A logo sits illuminated outside the ZTE pavilion on the opening day of the World Mobile Congress at the Fira Gran Via Complex on February 22, 2016 in Barcelona, Spain.
Photo: Getty

The story of Chinese telecommunication firm ZTEā€™s death and resurrection, both at the hands of the Trump administration, has taken another bizarre turn, this time resulting in employees having to hold in their pee. The company is opting not to fix urinal that requires parts from an American manufacturer for fear of breaching a ban on buying products from the US.

According to a report from the Southern China Morning Post, the urinal in question is located in one of ZTEā€™s offices in Shenzhen, China and is made by New Jersey-based plumbing manufacturer American Standard. The fixture currently sits unusable with a note above it stating that it canā€™t be fixed.

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The image of the urinal first surfaced on Weibo, a popular Chinese microblogging site with 411 million active monthly users. The Southern China Morning Post confirmed the authenticity of the image and the accompanying note with a ZTE employee.

According to Abacus, a technology publication based in Hong Kong, the note above the busted urinal reads:

Our company is now subject to the export ban posed by the US government. Since this bathroom appliance is a product of American Standard, we canā€™t procure the spare parts for repair due to the export ban. When the export ban is lifted, we promise to get the parts, repair it, and resume operation at once. We regret any inconvenience this may have caused.

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The situation is surely a problem for those with a full bladder working in the ZTE offices but it also goes to show just how fucked up and confusing the entire situation between the US government and ZTE is, as none of the parties appear entirely clear on where they stand at this point.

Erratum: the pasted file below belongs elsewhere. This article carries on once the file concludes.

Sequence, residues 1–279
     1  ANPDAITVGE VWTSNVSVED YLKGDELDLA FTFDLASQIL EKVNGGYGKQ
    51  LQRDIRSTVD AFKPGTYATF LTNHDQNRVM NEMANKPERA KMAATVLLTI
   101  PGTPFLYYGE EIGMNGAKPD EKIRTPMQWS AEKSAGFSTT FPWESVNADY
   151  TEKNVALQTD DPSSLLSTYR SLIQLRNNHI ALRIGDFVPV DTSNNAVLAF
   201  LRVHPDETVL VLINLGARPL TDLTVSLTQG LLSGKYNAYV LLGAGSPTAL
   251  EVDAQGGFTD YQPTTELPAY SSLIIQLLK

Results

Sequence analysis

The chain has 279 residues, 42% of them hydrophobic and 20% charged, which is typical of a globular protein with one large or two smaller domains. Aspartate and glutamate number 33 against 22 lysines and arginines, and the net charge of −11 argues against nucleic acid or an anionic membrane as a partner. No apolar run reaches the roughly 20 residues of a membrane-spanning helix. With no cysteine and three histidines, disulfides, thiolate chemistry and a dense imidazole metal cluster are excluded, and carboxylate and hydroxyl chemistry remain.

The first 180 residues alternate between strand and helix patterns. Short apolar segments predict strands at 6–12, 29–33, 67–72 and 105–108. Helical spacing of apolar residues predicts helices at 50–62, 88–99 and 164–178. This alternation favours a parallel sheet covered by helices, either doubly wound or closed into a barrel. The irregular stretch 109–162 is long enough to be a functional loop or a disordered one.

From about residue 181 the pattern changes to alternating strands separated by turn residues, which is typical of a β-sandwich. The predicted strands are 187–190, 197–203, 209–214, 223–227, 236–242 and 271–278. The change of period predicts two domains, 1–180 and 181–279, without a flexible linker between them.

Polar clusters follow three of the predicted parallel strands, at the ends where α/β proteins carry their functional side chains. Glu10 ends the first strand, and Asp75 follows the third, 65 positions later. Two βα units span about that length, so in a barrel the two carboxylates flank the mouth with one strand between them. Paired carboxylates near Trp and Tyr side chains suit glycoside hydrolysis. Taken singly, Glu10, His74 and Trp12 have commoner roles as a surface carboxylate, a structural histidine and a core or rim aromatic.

This all started when ZTE was caught violating sanctions and selling products to North Korea and Iran. The company was fined for that infraction, but the situation snowballed when intelligence agencies started flagging potential security concerns, claiming ZTE and other Chinese manufacturers may use their technology to spy on people on behalf of the Chinese government.

Given the ongoing issues with ZTE, the Trump administrationā€™s Commerce Department issued a seven-year export ban that prevented ZTE from purchasing parts from American companies. That effectively killed the company, as ZTE announced it would cease business operations in response to the new restrictions.

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Then, seemingly out of nowhereā€”though apparently prompted by a direct plea from Chinese leader Xi Jinpingā€”Trump opted to help revive the company by lifting the export ban and instead imposing a $1 billion fine, which the company paid this week. Lawmakers in the US pissed off by the sudden about-face (conveniently timed to Trumpā€™s daughter receiving seven new trademarks in China) have worked to reinstate the ban and managed to sneak a provision to do so into the Senateā€™s version of the National Defense Authorization Act (NDAA).

So now no one seems to have any idea what is going on. The ban was in place, then lifted, and now is tentatively back on unless Trump chooses to veto the NDAA when it makes it to his desk. Is the ban back? Is there a small window in which ZTE can get the parts it needs to fix the broken urinal? Will anyone in the office be allowed to pee again? Find out next time on the latest episode the Most Incompetent White House.

[The Verge, Southern China Morning Post, Abacus]

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